Lovecraft in Vermont: After-action Report

Driving 400 miles round trip to the Lovecraft in Vermont event was worth it. Though things were terribly disorganized, and the guy-in-charge (Alan Eames) was obviously way overburdened doing the whole thing (just him and his wife running it), the speakers I saw were interesting and the haul I came back with is great stuff.

I’m most excited about the haul. To enumerate:

“The Curse of the Blue Figurine” by John Bellairs, PB, cover and interior art by E. Gorey.
“The Mummy, The Will, And The Crypt” by John Bellairs, PB, art by E. Gorey.
“The Revenge of The Wizard’s Ghost” by John Bellairs, HC, art and jacket by E. Gorey.
“The Thief of Always” by Clive Barker, HC, England 1st ed., jacket, illustrations by Barker.
“Planets and Dimensions: Coll. Essays of Clark Ashton Smith” C.K. Wolfe, Mirage Press 1973.
“Red World of Polaris” Clark Ashton Smith, signed by editors and limited 500 1st ed. 2003.
“The Whisperer in Darkness” HPL, signed limited 100 special edition, illus. by Stuart Copans. (won in a raffle)

and the treasure find of the day:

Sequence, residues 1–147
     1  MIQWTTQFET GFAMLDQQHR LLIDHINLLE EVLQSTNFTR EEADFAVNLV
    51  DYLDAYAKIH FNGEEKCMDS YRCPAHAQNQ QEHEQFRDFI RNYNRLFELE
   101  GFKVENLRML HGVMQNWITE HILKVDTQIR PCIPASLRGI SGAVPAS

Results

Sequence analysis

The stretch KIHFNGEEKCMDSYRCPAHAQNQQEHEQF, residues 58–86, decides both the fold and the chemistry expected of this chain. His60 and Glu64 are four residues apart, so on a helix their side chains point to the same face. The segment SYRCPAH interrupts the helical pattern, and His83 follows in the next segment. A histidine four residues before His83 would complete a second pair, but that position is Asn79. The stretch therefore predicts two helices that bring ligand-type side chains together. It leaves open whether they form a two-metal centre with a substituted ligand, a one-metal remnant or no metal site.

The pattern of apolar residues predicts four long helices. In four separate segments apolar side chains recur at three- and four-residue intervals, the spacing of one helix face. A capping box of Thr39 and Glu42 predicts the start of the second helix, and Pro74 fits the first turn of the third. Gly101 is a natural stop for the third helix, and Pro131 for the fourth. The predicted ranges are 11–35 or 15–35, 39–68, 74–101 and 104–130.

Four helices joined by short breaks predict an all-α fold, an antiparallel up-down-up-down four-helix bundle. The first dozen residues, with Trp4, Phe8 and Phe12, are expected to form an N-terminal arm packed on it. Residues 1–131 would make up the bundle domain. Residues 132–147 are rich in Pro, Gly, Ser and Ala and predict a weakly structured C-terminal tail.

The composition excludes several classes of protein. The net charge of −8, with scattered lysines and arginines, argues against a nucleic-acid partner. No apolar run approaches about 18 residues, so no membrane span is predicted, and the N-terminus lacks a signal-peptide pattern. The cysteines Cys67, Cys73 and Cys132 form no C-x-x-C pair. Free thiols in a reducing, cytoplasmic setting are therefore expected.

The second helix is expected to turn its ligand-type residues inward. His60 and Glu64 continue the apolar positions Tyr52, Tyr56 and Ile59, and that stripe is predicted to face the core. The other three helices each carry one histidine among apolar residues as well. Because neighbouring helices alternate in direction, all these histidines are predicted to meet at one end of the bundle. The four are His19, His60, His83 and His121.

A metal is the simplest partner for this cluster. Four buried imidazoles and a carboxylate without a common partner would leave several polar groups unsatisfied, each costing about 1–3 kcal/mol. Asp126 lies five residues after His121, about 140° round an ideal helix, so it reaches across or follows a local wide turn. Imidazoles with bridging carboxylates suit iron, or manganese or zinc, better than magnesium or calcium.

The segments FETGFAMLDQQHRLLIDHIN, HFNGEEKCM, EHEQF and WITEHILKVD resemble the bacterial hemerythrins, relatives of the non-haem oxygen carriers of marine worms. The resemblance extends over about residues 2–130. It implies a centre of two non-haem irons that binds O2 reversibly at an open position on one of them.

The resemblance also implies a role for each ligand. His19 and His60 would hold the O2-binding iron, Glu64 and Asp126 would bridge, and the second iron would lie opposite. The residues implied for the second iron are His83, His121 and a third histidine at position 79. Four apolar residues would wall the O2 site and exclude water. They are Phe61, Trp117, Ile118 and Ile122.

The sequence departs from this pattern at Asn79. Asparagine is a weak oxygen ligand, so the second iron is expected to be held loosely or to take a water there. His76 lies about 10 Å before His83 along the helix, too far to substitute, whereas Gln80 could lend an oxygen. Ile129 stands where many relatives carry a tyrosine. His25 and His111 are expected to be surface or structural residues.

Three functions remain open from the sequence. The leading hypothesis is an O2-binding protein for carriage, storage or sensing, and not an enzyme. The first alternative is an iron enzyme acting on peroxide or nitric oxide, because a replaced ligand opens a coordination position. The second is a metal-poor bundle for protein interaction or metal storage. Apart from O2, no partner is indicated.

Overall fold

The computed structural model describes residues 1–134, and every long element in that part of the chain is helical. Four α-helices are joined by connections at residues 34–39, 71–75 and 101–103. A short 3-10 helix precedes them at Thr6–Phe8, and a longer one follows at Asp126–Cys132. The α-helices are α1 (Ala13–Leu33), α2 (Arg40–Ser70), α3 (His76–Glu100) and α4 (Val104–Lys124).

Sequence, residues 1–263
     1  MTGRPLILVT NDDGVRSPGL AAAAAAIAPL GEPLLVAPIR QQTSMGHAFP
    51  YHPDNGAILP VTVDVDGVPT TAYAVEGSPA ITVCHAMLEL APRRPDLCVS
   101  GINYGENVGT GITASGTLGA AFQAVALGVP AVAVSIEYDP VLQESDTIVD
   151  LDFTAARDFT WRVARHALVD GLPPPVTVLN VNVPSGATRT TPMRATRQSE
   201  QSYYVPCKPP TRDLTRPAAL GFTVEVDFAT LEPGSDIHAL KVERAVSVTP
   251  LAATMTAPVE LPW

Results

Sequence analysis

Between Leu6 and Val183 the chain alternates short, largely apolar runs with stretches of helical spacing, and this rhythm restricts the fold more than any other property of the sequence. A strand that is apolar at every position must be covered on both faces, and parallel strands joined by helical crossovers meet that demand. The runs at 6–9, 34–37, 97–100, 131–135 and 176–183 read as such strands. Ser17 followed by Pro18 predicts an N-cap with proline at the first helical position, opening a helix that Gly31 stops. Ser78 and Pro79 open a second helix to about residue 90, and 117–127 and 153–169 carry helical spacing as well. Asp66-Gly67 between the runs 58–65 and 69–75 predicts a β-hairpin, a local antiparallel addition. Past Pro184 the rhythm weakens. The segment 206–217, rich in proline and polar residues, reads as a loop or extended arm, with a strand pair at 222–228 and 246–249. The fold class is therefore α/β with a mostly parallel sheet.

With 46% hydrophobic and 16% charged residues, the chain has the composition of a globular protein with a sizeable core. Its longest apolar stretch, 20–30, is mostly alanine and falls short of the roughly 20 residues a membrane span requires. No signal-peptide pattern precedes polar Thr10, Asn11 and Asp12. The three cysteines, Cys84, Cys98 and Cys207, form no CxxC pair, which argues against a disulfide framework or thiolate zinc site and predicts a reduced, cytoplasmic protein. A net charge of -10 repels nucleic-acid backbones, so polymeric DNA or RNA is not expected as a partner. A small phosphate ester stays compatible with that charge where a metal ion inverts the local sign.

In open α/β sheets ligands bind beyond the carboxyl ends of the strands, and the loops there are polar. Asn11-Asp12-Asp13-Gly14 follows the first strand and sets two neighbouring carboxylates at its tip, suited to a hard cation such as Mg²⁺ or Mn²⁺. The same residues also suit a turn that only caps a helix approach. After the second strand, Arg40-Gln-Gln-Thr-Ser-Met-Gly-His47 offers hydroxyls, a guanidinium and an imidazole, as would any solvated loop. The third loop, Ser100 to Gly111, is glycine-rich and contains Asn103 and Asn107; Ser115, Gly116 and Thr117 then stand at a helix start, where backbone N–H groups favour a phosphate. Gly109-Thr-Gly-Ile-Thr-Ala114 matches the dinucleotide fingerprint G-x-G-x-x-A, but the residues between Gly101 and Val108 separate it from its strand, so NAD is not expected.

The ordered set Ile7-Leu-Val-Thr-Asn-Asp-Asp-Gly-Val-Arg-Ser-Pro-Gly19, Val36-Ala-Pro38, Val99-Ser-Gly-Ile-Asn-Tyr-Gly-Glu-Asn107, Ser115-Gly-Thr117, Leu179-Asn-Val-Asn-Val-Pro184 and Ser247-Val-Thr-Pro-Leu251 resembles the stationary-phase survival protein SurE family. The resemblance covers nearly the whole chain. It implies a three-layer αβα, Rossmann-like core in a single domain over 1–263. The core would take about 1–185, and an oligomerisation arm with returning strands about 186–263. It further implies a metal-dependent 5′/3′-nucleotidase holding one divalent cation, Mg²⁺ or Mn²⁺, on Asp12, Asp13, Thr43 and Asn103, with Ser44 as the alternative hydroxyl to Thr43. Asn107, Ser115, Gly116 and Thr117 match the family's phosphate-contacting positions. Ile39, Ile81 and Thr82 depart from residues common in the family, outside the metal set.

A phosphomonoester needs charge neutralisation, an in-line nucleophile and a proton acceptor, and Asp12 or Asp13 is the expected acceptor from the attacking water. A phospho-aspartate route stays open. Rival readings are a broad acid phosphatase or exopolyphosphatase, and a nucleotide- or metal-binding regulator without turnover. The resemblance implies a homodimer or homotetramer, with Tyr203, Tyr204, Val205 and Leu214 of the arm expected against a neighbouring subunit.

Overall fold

“The Dwindling Party” E. Gorey, HC pop up book, near mint

I also saw a pristine copy of the original Arkham Horror game, but didn’t go for it (the guy wasn’t even sure how much to sell it for!). I’ve heard that the new release is vastly superior, so getting the old one would just have been a novelty.

They made chili and beef stew and salad as meal options for purchase, but the prices were extremely high – it probably would have been better just to include the cost of a meal in the admission and made a choice of bag lunches. Apples, cheese, and coffee/tea/cocoa were provided with optional donations.

There were a couple of scary people there, but that’s always to be expected at fringe conventions. As I thought, there were a couple people in attendance who were at the last NecronomiCon in 2001, though we didn’t really remember each other. I did briefly share memories and chat a little bit with a couple people, but there were only about 30 folks total in attendance, including speakers and dealers. And speaking of speakers…

I met Stephen Bissette – for those who don’t know, he was the artist on Alan Moore’s Swamp Thing, and is the co-creator of John Constantine (yes, the Keanu Reeves movie, and I don’t think he got much money for it sadly). His talk was a slideshow exploring the origins of Lovecraftian comic and cinema adaptations, and he pointed me at some underground comic issues from the 1970s that I need to find (hopefully next weekend at TE). Apparently Mr. Bissette is now teaching at the Center for Cartoon Studies in White River Junction and generally does research into his comic interests.